How does rising atmospheric CO2 affect marine organisms?

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The Capacity for Thermal Acclimation in Mosquitofish
Seebacher, F., Holmes, S., Roosen, N.J., Nouvian, M., Wilson, R.S. and Ward, A.J.W. 2012. Capacity for thermal acclimation differs between populations and phylogenetic lineages within a species. Functional Ecology 26: 1418-1428.

The authors write that "within-individual plasticity (acclimation) counteracts potentially negative physiological effects resulting from environmental changes and thereby maintains fitness across a broad range of environments," which fact suggests, in their words, that "the capacity for the acclimation of individuals may therefore determine the persistence of populations in variable environments [italics added]."

What was done
Seebacher et al. "determined phylogenetic relationships by Amplified Fragment Length Polymorphism (AFLP) analysis of six populations of mosquitofish (Gambusia holbrooki) from coastal and mountain environments and compared their capacity for thermal acclimation.

What was learned
The six scientists were able to demonstrate that mosquitofish populations "are divided into distinct genetic lineages and that populations within lineages have distinct genetic identities." In addition, they report "there were significant differences in the capacity for acclimation between traits (swimming performance, citrate synthase and lactate dehydrogenase activities), between lineages, and between populations within lineages," thereby demonstrating that "there can be substantial variation in thermal plasticity between populations within species," leading them to conclude that "similar responses are likely to be found in other species that comprise structured populations."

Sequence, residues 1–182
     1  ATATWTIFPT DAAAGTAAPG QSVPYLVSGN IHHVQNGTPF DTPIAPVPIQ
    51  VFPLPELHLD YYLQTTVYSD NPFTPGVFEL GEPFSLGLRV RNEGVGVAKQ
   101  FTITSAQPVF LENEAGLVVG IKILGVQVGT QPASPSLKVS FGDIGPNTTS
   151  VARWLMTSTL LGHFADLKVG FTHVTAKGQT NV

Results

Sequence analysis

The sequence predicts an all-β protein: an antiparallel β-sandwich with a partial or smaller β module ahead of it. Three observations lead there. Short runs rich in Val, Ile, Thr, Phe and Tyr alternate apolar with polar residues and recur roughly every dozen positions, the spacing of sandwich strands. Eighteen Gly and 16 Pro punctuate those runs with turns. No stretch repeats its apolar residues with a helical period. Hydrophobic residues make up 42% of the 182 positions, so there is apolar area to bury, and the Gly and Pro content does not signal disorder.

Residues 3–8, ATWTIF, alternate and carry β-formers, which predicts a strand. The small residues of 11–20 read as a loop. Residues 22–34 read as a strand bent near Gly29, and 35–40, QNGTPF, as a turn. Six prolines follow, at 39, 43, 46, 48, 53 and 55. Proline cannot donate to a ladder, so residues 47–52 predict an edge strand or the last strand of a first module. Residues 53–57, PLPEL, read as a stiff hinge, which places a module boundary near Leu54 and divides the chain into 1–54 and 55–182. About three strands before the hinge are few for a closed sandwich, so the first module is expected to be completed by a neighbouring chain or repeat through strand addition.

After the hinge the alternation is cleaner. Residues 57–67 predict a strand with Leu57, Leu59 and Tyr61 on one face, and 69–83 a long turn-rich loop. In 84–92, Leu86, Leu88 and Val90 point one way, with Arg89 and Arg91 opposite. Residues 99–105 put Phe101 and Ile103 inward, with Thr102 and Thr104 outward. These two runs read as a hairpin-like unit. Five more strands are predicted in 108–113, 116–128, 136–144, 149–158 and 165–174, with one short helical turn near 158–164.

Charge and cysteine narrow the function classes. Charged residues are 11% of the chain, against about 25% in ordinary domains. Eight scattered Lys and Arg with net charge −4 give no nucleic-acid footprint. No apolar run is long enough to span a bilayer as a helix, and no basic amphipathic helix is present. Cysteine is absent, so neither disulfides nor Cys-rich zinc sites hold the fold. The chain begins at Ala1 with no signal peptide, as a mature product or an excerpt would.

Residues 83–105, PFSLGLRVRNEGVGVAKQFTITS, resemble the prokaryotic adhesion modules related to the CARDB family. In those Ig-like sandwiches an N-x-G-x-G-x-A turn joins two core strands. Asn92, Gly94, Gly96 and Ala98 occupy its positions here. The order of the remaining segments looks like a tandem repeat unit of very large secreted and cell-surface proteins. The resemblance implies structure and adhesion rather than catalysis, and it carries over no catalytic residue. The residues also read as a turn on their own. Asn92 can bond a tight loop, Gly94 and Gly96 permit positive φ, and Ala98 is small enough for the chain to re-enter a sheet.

What it means
Noting that "many predictions of the impact of climate change on biodiversity assume a species-specific response to changing environments," Seebacher et al. proceed to argue, on the basis of their results, that "this resolution can be too coarse and that analysis of the impacts of climate change and other environmental variability should be resolved to a population level," since their findings suggest that some populations of a species may indeed be able to cope with a change of climate with which others cannot, thereby preventing the otherwise inevitable climate-induced extinction of the species.

Reviewed 10 April 2013